share|improve this answer
Recent improvements to InnoDB have made it perform on par with MyISAM in most scenarios. – Bill Karwin Aug 31 '09 at 21:53
@Bill: Interesting. So with that, you could say that InnoDB really is the way to go? Same performance, more features. After seeing your profile, I think I can believe you. Still, do you have any proof to go with that? – exhuma Sep 1 '09 at 6:48

I'd probably create a View instead which is ordered by the PK value, so that for one thing you don't need to lock up that huge table while the ALTER is being performed.

share|improve this answer
Thanks for the reply...The thing is I don't mind locking the table during the update as it will be offline anyway... – Timothy Mifsud Aug 31 '09 at 20:23
I don't believe a view will help here. MySQL has [two strategies][1] for view resolutions: MERGE and TEMPTABLE. When using merge, you would not gain any benefit as it's definition is simply merged with the submitted SELECT statement. TEMPTABLE, as the name suggests, will create a temporary table. But the way it looks, creating the temporary table is the cause of the original problem. So you would not gain anything except making maintenance more difficult. [1]: – exhuma Aug 31 '09 at 20:39

What you're asking it to do is rebuild the entire table and all its indexes; this is an expensive operation particularly if the data doesn't fit in ram. It will complete, but it will be vastly slower if the data doesn't fit in ram, particularly if you have lots of indexes.

I question your judgement when choosing to run a machine with such tiny memory in production. Anyway:

  • Is this ALTER TABLE really necessary; what specific query are you trying to speed up, and have you tried it without?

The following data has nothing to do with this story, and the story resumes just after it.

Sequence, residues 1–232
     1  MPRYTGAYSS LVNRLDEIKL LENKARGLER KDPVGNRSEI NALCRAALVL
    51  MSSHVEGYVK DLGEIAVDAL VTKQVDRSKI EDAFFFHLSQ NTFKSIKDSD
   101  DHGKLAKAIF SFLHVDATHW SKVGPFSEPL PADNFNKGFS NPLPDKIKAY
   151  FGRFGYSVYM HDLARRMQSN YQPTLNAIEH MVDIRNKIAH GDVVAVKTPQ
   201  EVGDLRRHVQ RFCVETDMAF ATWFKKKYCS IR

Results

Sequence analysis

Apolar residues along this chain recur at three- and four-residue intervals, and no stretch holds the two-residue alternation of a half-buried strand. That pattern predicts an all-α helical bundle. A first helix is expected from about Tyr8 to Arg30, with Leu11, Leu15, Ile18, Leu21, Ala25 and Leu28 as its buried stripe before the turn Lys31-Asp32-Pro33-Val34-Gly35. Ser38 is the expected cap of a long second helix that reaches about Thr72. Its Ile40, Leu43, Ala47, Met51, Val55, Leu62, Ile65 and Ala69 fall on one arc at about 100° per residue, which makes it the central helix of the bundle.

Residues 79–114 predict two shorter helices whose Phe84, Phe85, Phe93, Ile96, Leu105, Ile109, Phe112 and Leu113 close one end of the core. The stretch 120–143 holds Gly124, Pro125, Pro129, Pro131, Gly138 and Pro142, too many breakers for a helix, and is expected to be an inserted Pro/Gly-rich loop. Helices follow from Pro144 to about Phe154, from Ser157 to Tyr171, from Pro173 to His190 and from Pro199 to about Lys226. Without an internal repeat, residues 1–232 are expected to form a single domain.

• Have you considered making your development machine more like production? I mean, using a dev box with MORE memory is never a good idea, and using a different OS is definitely not either.

There is probably also some tuning you can do to try to help; it largely depends on your schema (indexes in particular). 4M rows is not very many (for a machine with normal amounts of ram).

share|improve this answer
Hi Mark...thanks for your reply...The limit on memory is due to budgetary considerations...I thought that if the site caught on I would upgrade the specs of the server... However, the reason for doing the ALTER is that users can run a stored procedure which queries this table and I want to return the results in order of "latest inserted first". I can achieve this using an ORDER BY in the query itself, but unfortunately this seems to be very expensive and slows down the queries considerably...So, when I update the table, I usually preorder by PK desc to skip this ORDER BY. – Timothy Mifsud Aug 31 '09 at 22:02